We Like It Hot

When one has a chef for so long as Tieta, only two things happen: 1) Food gets boring. 2) Food gets fantastic. To be honest, both boring and fantastic happen around here.

Even though I love curry, I wouldn’t have realized how good Tieta’s chicken curry had become if not for the opinion of friends and requests for the recipe. Well, I also have a role in the process, since I am the coconut blender and the curry powder mixer. I also underline the importance of the coconut and coriander. So here you have our chicken curry:

Hot Chicken Curry
1 chicken (2 to 4 people) cut into small to medium portions
2 or 3 tablespoons of vegetable oil
1 portion of salt
2 gloves of garlic
1 large onion
1/2 chopped green or red pepper (no skin)
1 good portion of curry powder
2 tablespoons of any good tomato (or 2 chopped tomatoes)
1 large coconut
1 generous portion of fresh coriander

Curry Powder
1 to 2 large tablespoons of a good commercial curry powder (medium or hot)
1 small portion (coffee spoon or less) of ginger powder
1 small portion of turmeric
1 small portion of allspice ground
1 small portion of cloves (powder or as they are)
1 small portion of cayenne pepper
1 small portion of paprika
1 small portion of zhoug blend
1 or 2 bay leaves
Mix together and use it over the chicken in the early stages of cooking. I vary the portion depending on the season and the curry. Just as an example, I tend to use more ginger with chicken, more cloves and bay leaves with meat or more turmeric and paprika with prawns.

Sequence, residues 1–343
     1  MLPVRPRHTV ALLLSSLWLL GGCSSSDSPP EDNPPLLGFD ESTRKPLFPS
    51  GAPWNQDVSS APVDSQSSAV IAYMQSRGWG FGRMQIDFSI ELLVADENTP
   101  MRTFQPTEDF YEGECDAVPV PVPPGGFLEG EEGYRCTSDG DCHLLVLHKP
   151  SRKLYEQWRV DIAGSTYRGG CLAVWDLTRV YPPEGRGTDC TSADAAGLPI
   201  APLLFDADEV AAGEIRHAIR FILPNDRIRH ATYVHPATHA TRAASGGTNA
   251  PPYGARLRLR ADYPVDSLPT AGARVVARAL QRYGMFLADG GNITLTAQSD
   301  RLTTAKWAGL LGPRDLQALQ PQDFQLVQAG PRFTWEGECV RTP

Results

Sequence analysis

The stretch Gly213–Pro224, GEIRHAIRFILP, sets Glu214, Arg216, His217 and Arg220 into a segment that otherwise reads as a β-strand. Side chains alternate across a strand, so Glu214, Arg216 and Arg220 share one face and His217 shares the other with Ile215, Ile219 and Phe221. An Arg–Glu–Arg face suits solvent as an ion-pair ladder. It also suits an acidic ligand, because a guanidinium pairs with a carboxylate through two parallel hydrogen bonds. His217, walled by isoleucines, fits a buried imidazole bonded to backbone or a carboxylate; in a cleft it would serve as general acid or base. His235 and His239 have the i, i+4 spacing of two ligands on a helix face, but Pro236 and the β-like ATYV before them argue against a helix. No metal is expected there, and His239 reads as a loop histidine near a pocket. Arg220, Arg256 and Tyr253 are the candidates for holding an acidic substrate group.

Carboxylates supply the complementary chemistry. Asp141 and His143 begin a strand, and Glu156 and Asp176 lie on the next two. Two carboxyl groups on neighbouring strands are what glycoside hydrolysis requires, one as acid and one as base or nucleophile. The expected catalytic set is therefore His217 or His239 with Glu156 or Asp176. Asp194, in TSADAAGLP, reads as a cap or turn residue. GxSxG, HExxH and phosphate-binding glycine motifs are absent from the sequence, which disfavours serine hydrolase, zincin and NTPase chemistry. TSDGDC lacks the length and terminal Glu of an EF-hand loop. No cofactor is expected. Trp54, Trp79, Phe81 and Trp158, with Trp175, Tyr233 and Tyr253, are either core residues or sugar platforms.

Coconut milk
Cut the coconut flesh into small cubes and carefully use the blender and hot water to produce the milk. You can use the soft brown skin. Drain it, preferably with a clean cloth, and purr it into the pan.

1. Rub and marinate the chicken portions with crushed salt and garlic.
2. In a large pan, let the chopped onion gently fry in a little bit of oil.
3. Still gently, the chicken cooks for 10 to 15 minutes.
4. Add the curry powder.
5. Add the pepper and tomato.
6. Add the coconut milk and gently stir until boiling (mainly the surface). From then on, stir it from time to time. It gets clotted if unattended or covered. Actually, you cannot cover the pan until the curry is completely cold.
7. Finally, 10 minutes or so before creamy and ready, rectify the salt and add the chopped coriander. Should be ready at least half an hour before the meal and it’s even more creamy and delicious the next day. Serve with basmati rice and the usual complements and enjoy it!

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